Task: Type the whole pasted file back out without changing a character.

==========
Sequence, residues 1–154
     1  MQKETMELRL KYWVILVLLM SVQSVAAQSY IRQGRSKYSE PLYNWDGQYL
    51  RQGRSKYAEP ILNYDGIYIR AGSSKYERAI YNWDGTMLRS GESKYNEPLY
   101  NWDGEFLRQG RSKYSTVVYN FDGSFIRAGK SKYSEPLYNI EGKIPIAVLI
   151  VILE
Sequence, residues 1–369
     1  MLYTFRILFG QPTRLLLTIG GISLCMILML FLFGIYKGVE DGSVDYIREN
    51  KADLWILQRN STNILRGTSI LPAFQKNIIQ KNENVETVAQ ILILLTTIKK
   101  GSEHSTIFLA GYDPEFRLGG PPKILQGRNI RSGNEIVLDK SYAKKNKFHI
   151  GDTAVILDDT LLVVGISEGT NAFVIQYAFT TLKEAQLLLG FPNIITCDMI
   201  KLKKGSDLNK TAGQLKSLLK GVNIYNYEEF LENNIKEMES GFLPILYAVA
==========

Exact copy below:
Sequence, residues 1–154
     1  MQKETMELRL KYWVILVLLM SVQSVAAQSY IRQGRSKYSE PLYNWDGQYL
    51  RQGRSKYAEP ILNYDGIYIR AGSSKYERAI YNWDGTMLRS GESKYNEPLY
   101  NWDGEFLRQG RSKYSTVVYN FDGSFIRAGK SKYSEPLYNI EGKIPIAVLI
   151  VILE
Sequence, residues 1–369
     1  MLYTFRILFG QPTRLLLTIG GISLCMILML FLFGIYKGVE DGSVDYIREN
    51  KADLWILQRN STNILRGTSI LPAFQKNIIQ KNENVETVAQ ILILLTTIKK
   101  GSEHSTIFLA GYDPEFRLGG PPKILQGRNI RSGNEIVLDK SYAKKNKFHI
   151  GDTAVILDDT LLVVGISEGT NAFVIQYAFT TLKEAQLLLG FPNIITCDMI
   201  KLKKGSDLNK TAGQLKSLLK GVNIYNYEEF LENNIKEMES GFLPILYAVA